The first few of weeks of 2014 have been hit and miss. Aside from a handful of social outings, I’ve been hermited away for the most part. There’ve been several close calls with jobs and a couple of interviews, but no luck so far. Not the best way to start the year, especially when the previous one was so dismal.
I’ve decided to make a change for this year in blogging. Since the inception of this site, most of my posts have had one-word titles. The idea was to draw from Word-of-the-Day sites, like Dictionary.com’s, and use that word as a guide for processing thoughts and experiences.
Lately, I’ve been engaging more with Tarot. I posted about a little this last time, but the more I work with the deck, the meanings of each of the cards in the Major and Minor arcana, and the different spreads used in Tarot readings, the more I’m interested in their potential application, especially from a Jungian perspective. The basis of Jungian psychology is the view that the human unconscious is largely unreachable except through the symbolic world of dream, myth, and folklore—the world of archetypes, “universal, archaic patterns and images that derive from the collective unconscious and are the psychic counterpart of instinct” (Wikipedia).
For example, the twenty-two cards of the Major (or Greater) Arcana. We see The Fool at the beginning of his journey, full of hope, potential, and ready to learn the lessons on his way through the Major Arcana. This seems to correspond to the archetype of The Child, who (according to many Jungians) is present in all humans throughout their life. The Empress represents fertility, beauty, nature, and abundance—corresponding to the “Anima” archetype, “the personification of the energy that gives birth to forms and nourishes forms is properly female” (according to Joseph Campbell). The Hermit represents soul-searching, introspection, and inner guidance, which corresponds to the “Wise Old Man” archetype.
As I do my own readings, and let others read for me, I use the cards (as I said in my previous post) as more a Rorschach test than for divination. Each card and its position in the spread has a significance. As querent, I listen for anything that resonates on the psychological level.
- The Star reversed, for example, might suggest that I’m dwelling on negative issues and thoughts, to the point of them derailing any progress or healing that I’m making.
- The reversed Ten of Swords might suggest that I’m still carrying around old wounds from past hurts, and that I still haven’t dealt with them.
- The Page of Pentacles could suggest that, contrary to what I might feel or believe, I have the necessary skills and experience to succeed—but need to have clear goals and a plan laid out to put it all into motion.
These are all true things for me right now. But they’re not true because some mystical powers-that-be orchestrated how I shuffled. They’re true because the meaning could always be true. The question is: is the meaning true right now? Sometimes a card is just a card.
So my plan for the next couple of months is to go through the Tarot deck, card by card, and using a randomly drawn card as the basis for self-examination.
This afternoon, I drew the Six of Wands, from the Lesser, “Minor” arcana.
The Six of Wands depicts a man wearing a victory wreath around his head, riding a white horse through a crowd of cheering people. The white horse represents strength, purity, and the success of an adventure, and the crowd of people demonstrates public recognition for the man’s achievements. The wand held by the rider also has a wreath tied to it, further emphasizing success and achievement. He is not afraid to show off to others what he has accomplished in his life so far, and even better, the people around him cheer him along. (Source: BiddyTarot.com)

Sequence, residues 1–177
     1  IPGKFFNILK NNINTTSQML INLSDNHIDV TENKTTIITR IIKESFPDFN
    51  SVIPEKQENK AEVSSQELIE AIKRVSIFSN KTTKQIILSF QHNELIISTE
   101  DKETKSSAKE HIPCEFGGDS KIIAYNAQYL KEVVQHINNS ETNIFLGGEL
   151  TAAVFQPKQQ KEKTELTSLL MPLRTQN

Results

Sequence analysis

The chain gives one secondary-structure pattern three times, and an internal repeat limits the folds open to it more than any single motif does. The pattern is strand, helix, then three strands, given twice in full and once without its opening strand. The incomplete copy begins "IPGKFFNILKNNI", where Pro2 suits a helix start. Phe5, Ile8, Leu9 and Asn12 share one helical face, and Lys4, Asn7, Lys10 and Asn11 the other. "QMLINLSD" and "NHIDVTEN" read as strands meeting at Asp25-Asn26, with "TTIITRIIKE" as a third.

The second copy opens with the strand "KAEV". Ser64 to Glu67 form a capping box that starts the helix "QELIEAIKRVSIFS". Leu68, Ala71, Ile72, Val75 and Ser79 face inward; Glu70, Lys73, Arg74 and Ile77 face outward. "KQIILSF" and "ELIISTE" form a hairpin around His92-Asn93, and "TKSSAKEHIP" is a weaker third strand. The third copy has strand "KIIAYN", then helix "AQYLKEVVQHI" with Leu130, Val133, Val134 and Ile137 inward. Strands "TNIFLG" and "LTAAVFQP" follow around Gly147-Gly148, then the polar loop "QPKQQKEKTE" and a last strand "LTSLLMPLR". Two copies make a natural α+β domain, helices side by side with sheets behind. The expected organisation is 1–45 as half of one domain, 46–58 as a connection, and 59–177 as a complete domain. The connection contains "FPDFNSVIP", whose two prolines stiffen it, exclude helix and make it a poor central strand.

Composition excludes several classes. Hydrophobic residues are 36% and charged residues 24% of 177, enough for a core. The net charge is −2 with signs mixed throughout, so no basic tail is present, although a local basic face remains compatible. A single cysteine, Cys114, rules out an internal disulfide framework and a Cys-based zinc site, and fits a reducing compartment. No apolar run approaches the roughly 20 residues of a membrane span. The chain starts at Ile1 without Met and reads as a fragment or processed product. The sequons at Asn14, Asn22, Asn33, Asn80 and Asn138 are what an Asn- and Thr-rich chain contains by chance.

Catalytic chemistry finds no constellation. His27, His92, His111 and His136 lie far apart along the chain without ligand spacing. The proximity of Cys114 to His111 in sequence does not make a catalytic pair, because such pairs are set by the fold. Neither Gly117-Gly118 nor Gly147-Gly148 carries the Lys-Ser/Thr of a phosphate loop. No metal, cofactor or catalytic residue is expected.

Wands are typically associated with creativity, with the Pythagorean element of fire, and the Jungian function of intuition. According to one site, “Wands are the creative application of what we experience in the world to make our lives more enjoyable.”
The number six in Tarot typically represents a journey into harmony. There are two parts to this journey. The first is departure. The second is the journey itself. In the process of getting from one place to another, one must leave something behind. In finding my “true” self, I had to leave behind the heterosexual expectations that my family and community had for me, as well as the belief in God that I’d “inherited,” that connected me to my family and everything that was home.
Home no more home to me, whither must I wander?
Much of the significance of each card in the Minor Arcana has to do with what comes before, and that’s where meaning can be found. In the Five of Wands, five men are playing or sparring with their wands (oh, the subtext), each going in a different direction, but with no contact. It typically signifies competition, strife, confusion, or disagreement. In the Six of Wands, that confusion has been overcome through focused work to achieve harmony.
I tend to focus on defeats and obstacles rather than successes and progress. At the present, worries about finances and employment (and getting my fracking landlord to fix the fracking hole in my fracking ceiling) have been sapping my creativity. However, in the past few weeks, I finished revising my one-act opera and orchestrated it. I wrote an article published today about my first Christmas back with my Evangelical family in two years that my editor called “one of the best essays I’ve read in a long time.” And even though my grad school applications were rejected this time, I’m getting back on course to aligning my career with my passions and what I’m truly good at.
The message I see here: Look at what you want, not at where you are, not at what you’ll be.